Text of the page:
Admittedly I am a little bit excited about Rafael Nadal’s appearance at the Rogers Cup this week in the ATP World Tour Masters 1000 event. It’s excitement tempered with a bit of realism that he’s probably not going to win the title, though.
It’s been a season of a lack of shine from Nadal, but he returns this week to a tournament which he has won three times before in the past. He is one of the all-time greats who is suffering a huge slump, and it is a slump which has been severe enough to knock him back heavily in the world rankings as well as in the intimidation levels when another player sees their name up against his in a tournament draw.
Whether or not Nadal ever gets back to the peak of the game to land more Grand Slam titles remains to be seen. But a victory at an ATP World Tour Masters 1000 event would be a step in the right direction. Nadal has won three titles this season, victories coming in Buenos Aires, Stuttgart and Hamburg (clay, grass and clay respectively) and while neither of those fields can stand up to what he could face in Toronto in terms of quality, it may be a big week in which to see him briefly shine again.
A new Nadal has to step up, step out of the slump and setbacks and in his quarter of the draw for the Rogers Cup, he has only ever lost three matches in his career against the other seven players who are going off in the third quarter (and only one since 2008). The big opposer in his quarter is Kei Nishikori who landed the Citi Open title on the weekend and if the seeds follow through on favouritism, it would set up a big quarter final clash between Nadal and Nishikori. However, Nadal has won all seven previous clashes against the Japanese player.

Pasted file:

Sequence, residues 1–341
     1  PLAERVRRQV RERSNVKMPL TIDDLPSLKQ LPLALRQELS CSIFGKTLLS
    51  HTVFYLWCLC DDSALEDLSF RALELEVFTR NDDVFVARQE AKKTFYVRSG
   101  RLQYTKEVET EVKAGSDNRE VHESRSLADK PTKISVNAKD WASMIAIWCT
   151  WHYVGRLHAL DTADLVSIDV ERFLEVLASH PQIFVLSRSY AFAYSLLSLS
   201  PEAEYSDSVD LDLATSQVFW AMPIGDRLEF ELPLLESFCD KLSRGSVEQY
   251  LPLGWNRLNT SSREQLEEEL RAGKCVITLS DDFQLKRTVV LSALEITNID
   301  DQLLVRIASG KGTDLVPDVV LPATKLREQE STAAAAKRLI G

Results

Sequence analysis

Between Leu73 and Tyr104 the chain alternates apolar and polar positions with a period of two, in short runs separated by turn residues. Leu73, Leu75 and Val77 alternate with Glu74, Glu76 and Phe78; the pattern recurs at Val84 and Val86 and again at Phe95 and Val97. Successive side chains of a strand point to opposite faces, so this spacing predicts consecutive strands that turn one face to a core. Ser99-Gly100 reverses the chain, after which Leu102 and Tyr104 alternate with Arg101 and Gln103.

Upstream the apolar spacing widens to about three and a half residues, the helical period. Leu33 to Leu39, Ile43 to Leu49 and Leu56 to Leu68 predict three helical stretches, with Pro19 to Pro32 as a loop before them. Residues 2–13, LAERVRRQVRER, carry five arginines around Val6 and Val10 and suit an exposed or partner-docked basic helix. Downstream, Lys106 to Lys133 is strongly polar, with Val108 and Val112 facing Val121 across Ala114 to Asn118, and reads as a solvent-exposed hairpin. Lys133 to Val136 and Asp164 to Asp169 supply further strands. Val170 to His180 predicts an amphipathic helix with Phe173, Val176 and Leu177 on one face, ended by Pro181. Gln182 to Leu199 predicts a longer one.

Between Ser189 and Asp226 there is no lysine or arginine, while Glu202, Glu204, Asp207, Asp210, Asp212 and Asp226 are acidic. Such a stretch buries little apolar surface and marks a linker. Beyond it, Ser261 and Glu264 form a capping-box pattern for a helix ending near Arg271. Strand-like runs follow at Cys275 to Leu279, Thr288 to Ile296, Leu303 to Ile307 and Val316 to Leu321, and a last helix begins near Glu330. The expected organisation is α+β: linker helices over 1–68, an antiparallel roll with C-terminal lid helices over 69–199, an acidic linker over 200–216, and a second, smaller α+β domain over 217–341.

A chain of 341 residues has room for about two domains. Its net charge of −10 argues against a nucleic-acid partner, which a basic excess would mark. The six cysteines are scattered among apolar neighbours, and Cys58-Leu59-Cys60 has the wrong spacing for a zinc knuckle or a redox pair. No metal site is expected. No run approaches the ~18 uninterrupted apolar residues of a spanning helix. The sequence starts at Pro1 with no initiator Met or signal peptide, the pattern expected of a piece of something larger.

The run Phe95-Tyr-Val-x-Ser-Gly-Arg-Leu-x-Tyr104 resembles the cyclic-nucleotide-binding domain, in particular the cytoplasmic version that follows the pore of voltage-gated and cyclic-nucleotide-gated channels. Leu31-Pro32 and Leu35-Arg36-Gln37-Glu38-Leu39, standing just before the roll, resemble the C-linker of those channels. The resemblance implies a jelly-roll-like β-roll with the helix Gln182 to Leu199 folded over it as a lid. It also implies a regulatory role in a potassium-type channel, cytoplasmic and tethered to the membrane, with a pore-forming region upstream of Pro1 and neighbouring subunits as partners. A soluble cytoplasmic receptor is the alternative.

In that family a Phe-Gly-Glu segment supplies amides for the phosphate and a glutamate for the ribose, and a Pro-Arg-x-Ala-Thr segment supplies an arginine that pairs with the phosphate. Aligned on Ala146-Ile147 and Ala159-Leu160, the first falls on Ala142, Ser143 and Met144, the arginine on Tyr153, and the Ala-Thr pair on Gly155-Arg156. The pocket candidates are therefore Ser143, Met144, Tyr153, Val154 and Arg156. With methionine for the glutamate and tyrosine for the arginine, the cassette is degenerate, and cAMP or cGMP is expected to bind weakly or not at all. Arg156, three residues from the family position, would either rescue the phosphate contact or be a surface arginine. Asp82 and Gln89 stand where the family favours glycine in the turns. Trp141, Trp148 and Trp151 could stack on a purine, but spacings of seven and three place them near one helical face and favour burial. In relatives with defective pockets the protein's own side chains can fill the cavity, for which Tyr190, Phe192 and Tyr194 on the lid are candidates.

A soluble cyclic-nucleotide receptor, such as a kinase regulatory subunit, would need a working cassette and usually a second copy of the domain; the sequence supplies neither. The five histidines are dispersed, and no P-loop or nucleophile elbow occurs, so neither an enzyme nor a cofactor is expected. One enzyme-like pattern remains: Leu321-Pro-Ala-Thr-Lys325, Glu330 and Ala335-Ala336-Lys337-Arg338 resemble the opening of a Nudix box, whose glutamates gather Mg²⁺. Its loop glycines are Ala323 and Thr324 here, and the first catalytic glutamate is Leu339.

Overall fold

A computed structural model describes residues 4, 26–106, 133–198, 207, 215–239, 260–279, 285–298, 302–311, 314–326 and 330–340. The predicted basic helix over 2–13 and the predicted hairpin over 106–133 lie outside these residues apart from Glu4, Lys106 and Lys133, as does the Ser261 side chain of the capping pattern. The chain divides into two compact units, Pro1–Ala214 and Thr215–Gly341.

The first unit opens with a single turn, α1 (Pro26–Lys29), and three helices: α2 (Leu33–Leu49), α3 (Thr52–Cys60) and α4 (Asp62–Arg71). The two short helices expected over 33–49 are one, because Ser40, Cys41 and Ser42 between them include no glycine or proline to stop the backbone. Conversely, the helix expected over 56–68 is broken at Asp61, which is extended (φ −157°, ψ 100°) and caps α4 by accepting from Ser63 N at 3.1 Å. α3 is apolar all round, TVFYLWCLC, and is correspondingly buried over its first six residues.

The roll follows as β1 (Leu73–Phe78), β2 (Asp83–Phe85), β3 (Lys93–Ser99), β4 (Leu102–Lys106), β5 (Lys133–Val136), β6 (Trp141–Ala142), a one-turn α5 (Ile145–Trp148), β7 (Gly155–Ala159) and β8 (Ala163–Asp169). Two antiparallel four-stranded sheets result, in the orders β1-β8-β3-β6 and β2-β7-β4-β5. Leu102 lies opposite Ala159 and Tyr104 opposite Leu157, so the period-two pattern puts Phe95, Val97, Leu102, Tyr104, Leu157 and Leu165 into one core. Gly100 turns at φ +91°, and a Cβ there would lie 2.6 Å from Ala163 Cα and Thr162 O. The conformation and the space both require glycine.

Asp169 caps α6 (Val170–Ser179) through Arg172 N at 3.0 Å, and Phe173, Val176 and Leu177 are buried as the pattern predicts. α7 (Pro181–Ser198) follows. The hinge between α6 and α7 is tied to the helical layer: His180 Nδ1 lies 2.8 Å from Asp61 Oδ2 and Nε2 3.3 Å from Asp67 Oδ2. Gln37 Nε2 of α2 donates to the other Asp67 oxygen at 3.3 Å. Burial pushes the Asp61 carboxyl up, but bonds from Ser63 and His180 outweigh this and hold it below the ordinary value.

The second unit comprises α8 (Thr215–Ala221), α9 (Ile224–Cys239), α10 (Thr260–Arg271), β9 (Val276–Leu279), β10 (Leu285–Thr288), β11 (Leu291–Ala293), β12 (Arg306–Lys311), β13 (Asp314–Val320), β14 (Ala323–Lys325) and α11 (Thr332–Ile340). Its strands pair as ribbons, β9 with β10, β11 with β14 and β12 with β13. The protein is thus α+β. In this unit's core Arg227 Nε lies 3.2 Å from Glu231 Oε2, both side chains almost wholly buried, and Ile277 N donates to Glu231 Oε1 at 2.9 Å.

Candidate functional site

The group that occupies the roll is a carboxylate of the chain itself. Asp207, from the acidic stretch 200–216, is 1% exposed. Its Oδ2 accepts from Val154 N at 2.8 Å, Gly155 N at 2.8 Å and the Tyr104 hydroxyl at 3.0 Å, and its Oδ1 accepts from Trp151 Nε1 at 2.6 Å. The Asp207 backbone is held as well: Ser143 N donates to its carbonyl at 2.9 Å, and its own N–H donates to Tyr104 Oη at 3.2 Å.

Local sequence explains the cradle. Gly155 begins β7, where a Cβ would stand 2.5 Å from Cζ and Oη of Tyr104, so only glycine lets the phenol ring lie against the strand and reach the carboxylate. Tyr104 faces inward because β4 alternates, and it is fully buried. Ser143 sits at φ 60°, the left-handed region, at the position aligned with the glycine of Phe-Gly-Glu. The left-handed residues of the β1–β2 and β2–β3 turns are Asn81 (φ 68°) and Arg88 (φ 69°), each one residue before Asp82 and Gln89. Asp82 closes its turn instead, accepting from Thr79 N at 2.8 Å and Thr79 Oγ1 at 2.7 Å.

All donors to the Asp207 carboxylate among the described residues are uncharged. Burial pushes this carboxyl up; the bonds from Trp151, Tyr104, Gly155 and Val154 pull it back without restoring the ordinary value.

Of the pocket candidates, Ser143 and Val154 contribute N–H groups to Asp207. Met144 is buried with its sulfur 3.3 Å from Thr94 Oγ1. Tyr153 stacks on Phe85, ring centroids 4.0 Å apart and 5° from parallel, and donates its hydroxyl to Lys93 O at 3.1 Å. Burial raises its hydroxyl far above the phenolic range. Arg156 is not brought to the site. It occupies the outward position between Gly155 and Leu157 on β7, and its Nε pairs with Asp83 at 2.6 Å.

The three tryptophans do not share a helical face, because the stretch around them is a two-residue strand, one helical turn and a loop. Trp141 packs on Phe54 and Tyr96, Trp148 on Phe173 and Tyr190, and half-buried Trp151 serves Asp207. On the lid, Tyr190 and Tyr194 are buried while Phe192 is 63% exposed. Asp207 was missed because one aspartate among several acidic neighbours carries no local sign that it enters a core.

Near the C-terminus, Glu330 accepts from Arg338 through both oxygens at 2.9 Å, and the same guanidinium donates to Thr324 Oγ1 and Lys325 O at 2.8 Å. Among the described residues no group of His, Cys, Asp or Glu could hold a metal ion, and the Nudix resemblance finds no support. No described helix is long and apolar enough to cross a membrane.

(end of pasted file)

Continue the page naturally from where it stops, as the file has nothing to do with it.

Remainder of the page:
So that automatically projects the Spaniard into the semifinal of Montreal. He could face up to former Rogers Cup winner Andy Murray there, and the Brit would probably take heavy favouritism. However, you never quite know with Murray as to whether he will actually get there. He hits the highs and then sinks to the lows as in his first round exit from Washington last week against Teymuraz Gabashvili. Certainties with Murray only seem to come around at Grand Slams.
A new Nadal has to emerge out of all of this and maybe we will see a ramped-up hard court player. Nadal’s coaching staff seem pretty confident that he will be better on the North American hardcourt swing of the season than he’s been anywhere else this season. Let’s hope that’s true because of flash of swagger from Nadal would break the mundane monotony of Novak Djokovic sweeping all ATP World Tour Masters 1000 events before him.
I don’t believe that winning the Rogers Cup is actually on the radar of Rafael Nadal right now. He’s not back at the kind of level to find a way to grind out a win over Novak Djokovic. Simply reaching the final of the event would be a huge recapture of status and form from Nadal, because in doing so he will have probably come through a much tougher half of the draw than Djokovic is likely to face in getting to the showcase match.